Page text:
Agriculture, Land Protection, Stewardship

Partner Profile: University of California Cooperative Extension (UCCE)

March 14, 2022

To advance our work to further steward lands already protected by agricultural conservation easements, MALT often partners closely with the Marin office of the University of California Cooperative Extension (UCCE) service.

The UCCE’s mission is to sustain Marin’s vital agriculture, environment, and communities by providing research-based information in agriculture, natural resource management, healthy living, and youth development. UCCE occupies a distinctive space—belonging simultaneously to the county and to the University of California (UC) system—and uses practical “applied research” to solve real-world problems.

UCCE’s Research Roots Run Deep

The Cooperative Extension system began in the mid 1800’s, when President Abraham Lincoln signed laws providing each state with grants of federally-controlled land to establish “land-grant” colleges and universities. The focus of a land grant institution is on education and research for things like practical agriculture, science, and engineering—in other words, providing expertise to address real-world issues.

The University of California system is the state’s land grant institution, with UC Davis, UC Berkeley, and UC Riverside designated as official land grant universities. Cooperative Extension is the local county portion of the land grant program.

“We serve local needs and local problems. We ask, how can we reach back to the university campuses and find expertise that is relevant to a particular unsolved problem? And how can we find academics who might be able to conduct research to address those problems?”

David Lewis, Director of UCCE in Marin

Partners in Marin’s Range of Agricultural Support Organizations

“In Marin, we’re fortunate to have a wonderful fabric of organizations working to support agriculture throughout the county,” said David. “Ever since I came to Marin as UCCE director in 2009, MALT has been a vital part of that fabric.”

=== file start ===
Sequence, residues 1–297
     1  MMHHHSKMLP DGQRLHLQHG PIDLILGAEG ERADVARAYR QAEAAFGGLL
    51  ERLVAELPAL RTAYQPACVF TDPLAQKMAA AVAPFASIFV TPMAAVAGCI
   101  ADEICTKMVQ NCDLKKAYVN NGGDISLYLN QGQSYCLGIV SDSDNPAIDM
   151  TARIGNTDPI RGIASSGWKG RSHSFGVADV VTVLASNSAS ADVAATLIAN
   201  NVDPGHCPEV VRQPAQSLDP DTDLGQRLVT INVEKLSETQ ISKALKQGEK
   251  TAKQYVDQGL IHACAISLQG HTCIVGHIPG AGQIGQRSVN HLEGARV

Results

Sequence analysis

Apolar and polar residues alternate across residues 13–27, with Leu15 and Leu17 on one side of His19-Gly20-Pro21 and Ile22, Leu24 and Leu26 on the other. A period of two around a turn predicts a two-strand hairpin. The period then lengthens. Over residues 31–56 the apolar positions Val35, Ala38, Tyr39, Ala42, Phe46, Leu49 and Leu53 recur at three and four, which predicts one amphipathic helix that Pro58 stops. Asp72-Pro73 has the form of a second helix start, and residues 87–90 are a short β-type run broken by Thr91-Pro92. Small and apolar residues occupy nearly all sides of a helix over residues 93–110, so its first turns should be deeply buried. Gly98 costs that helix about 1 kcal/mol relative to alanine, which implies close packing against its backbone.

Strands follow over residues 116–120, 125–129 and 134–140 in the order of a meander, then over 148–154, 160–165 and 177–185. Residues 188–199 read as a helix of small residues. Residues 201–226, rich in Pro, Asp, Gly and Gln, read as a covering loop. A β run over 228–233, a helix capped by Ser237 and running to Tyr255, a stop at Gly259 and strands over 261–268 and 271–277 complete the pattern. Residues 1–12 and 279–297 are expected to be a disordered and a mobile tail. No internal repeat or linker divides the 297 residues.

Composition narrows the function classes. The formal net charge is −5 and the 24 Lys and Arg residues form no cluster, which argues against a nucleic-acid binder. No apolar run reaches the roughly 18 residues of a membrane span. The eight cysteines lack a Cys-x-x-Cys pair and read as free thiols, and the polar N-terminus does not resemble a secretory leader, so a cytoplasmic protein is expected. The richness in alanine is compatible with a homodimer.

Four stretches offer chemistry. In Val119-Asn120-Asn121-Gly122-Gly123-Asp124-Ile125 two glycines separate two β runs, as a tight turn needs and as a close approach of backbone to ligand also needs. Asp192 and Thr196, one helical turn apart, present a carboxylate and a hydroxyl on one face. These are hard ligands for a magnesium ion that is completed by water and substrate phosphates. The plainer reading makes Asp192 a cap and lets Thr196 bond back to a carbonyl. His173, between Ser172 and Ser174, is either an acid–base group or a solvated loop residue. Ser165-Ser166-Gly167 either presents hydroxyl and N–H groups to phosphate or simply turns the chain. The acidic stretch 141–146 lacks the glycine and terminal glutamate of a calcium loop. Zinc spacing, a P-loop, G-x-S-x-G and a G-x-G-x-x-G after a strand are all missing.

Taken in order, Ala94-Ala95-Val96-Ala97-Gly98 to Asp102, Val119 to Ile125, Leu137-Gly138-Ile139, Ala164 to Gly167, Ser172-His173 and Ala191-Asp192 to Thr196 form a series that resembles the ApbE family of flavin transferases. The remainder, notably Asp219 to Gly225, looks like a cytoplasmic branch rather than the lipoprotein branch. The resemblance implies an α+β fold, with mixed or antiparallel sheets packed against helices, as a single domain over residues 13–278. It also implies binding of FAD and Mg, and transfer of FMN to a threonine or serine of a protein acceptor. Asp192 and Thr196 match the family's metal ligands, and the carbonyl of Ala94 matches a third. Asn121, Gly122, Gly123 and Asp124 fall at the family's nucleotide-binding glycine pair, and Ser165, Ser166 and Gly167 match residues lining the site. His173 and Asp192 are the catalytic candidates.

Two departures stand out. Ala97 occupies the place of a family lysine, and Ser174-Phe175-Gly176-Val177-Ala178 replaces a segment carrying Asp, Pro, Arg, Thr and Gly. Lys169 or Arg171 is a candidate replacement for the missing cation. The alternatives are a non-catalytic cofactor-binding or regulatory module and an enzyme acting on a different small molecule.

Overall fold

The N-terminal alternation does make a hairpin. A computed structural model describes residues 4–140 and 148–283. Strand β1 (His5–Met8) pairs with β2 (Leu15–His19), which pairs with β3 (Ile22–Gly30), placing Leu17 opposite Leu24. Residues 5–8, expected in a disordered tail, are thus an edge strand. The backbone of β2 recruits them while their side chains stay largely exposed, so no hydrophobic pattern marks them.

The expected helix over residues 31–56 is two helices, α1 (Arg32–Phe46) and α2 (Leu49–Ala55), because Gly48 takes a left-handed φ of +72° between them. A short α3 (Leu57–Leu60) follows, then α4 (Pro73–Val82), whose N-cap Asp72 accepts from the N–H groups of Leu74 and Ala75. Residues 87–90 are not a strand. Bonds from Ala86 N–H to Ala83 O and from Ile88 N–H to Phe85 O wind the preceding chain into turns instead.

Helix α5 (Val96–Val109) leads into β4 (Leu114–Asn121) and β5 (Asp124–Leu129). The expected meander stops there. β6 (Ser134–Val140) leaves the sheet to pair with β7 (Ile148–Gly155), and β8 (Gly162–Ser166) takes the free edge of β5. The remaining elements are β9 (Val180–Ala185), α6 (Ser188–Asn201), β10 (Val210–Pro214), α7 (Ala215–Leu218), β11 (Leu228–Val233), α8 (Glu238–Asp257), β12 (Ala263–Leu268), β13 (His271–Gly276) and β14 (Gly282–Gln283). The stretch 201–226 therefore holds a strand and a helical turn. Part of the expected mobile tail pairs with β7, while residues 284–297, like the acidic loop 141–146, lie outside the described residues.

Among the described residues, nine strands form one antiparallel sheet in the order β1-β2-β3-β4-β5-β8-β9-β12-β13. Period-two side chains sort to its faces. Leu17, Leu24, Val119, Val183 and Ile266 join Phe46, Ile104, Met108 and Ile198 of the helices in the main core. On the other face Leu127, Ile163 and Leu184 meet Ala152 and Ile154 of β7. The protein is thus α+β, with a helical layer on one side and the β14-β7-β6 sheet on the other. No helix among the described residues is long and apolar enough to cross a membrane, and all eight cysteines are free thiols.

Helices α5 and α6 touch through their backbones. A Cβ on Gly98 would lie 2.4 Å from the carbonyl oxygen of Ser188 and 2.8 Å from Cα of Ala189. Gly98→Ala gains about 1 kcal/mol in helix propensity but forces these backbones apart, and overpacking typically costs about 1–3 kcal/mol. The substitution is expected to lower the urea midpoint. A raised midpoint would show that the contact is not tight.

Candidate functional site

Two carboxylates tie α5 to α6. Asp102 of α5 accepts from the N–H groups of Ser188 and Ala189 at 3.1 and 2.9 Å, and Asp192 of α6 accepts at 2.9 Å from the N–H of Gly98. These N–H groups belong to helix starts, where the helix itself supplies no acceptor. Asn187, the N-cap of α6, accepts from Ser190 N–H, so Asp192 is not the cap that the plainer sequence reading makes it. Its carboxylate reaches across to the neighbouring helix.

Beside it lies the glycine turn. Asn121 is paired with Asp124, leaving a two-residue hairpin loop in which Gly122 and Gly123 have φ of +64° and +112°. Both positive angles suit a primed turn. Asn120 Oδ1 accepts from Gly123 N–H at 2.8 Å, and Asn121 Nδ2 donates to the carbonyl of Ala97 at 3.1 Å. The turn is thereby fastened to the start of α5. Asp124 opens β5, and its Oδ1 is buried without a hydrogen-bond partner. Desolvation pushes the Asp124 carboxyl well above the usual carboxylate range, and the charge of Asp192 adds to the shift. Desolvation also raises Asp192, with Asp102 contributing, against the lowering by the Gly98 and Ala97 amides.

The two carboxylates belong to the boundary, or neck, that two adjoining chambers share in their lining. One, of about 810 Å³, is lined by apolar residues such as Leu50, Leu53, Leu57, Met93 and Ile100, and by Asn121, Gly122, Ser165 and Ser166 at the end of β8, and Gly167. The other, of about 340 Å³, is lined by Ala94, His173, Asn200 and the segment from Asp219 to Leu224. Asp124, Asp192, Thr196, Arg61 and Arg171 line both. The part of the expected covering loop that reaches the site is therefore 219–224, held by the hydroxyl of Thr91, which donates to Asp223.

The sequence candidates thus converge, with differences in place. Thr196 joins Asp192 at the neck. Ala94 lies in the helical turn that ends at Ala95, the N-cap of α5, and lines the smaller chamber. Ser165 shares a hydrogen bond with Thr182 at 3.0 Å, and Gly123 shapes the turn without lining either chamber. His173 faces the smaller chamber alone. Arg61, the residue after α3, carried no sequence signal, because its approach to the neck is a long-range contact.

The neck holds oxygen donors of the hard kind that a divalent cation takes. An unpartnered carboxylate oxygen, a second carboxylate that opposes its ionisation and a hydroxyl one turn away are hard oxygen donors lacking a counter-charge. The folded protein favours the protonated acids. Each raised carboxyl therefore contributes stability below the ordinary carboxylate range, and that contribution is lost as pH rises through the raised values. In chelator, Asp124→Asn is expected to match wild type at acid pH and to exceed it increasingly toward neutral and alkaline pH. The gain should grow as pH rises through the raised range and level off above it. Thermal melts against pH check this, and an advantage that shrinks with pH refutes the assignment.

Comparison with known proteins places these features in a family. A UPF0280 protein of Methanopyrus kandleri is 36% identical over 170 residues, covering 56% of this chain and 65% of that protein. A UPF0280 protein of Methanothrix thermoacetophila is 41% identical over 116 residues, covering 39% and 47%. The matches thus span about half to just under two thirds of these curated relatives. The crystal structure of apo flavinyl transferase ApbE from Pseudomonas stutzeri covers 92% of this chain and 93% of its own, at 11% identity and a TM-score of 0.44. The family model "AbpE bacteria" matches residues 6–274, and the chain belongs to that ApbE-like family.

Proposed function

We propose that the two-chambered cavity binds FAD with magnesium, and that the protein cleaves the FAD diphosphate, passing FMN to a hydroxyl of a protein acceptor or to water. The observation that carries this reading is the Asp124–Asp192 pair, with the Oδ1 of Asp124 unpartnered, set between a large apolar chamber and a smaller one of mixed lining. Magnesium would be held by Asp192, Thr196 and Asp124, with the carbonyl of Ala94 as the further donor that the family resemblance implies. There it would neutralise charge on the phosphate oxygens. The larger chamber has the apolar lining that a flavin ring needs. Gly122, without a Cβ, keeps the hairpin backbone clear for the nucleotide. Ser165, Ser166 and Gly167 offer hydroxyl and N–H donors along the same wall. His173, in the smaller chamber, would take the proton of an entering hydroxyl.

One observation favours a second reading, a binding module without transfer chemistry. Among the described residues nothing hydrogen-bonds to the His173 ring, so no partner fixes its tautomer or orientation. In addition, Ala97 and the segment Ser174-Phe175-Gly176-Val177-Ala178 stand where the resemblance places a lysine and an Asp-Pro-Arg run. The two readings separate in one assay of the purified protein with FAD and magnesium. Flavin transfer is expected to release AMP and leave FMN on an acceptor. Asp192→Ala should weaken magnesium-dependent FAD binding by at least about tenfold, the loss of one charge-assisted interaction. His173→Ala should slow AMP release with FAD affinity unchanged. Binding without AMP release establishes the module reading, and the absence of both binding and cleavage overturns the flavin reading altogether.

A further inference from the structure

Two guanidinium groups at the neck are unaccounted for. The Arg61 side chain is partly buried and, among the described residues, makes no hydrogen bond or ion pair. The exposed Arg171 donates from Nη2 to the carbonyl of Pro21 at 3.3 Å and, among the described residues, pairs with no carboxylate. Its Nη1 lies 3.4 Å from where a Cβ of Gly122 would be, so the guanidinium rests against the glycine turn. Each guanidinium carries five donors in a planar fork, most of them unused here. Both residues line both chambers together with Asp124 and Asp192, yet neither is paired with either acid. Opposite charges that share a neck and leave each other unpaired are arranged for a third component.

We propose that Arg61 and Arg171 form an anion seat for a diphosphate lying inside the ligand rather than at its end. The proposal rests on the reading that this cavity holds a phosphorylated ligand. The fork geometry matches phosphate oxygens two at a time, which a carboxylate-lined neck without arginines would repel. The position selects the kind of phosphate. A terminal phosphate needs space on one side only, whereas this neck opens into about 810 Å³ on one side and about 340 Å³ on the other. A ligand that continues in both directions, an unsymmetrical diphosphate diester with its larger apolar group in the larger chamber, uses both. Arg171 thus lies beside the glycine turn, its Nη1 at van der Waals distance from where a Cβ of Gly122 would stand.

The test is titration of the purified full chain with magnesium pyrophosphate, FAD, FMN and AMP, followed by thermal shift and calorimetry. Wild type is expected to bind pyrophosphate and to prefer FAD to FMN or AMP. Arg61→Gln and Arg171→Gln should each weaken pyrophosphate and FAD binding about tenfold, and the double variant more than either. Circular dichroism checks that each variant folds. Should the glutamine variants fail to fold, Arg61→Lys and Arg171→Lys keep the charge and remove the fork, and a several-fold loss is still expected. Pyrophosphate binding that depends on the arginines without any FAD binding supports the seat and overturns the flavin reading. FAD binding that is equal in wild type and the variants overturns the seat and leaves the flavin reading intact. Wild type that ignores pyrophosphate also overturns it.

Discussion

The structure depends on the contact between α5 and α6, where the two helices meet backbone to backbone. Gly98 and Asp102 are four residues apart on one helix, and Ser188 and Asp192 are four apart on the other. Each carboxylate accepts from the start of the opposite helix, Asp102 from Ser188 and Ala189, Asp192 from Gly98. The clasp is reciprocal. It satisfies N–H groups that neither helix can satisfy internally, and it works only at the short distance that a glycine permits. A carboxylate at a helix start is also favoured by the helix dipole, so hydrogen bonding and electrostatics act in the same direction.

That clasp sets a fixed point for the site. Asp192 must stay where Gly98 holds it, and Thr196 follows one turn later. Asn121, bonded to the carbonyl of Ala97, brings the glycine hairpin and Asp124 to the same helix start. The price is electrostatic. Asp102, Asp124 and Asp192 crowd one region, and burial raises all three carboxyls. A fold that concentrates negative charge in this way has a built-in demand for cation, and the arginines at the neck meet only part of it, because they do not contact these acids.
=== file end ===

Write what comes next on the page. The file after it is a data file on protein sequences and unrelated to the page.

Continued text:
David explained that all the organizations working to support agricultural operations in Marin cooperate and coordinate their efforts. “We work to understand each other’s strengths and missions and complement each other,” he said. “Depending on the issue, we identify who will take the lead and who will provide support in each instance.”

“We work to understand each other’s strengths and missions and complement each other.”

David Lewis, UCCE

For example, when MALT first introduced its stream conservation easements, David and the UCCE staff reviewed drafts and helped create final language for those easements. UCCE also works closely with MALT’s stewardship team on livestock pond water use and monitoring programs. UCCE and MALT frequently collaborate on projects with other local organizations such as the Marin Resource Conservation District (Marin RCD). “And we’re deeply partnered on the Marin Carbon Project,” he added.

Marin Carbon Project: Putting Climate Goals in Action

The Marin Carbon Project (MCP) is a consortium of independent agricultural institutions in Marin County that includes university researchers, county and federal agencies, and nonprofits. Both MALT and UCCE are active partners in MCP, and Ladi Asgill, MALT’s Director of Science and Regenerative Agriculture, is on the steering committee.

“Since its founding in 2007, the Marin Carbon Project has taken research and a proof of concept for practices that store carbon on farms—sequestering carbon through either driving carbon into the soil or storing it in above-ground vegetation—and scaled them up,” said David.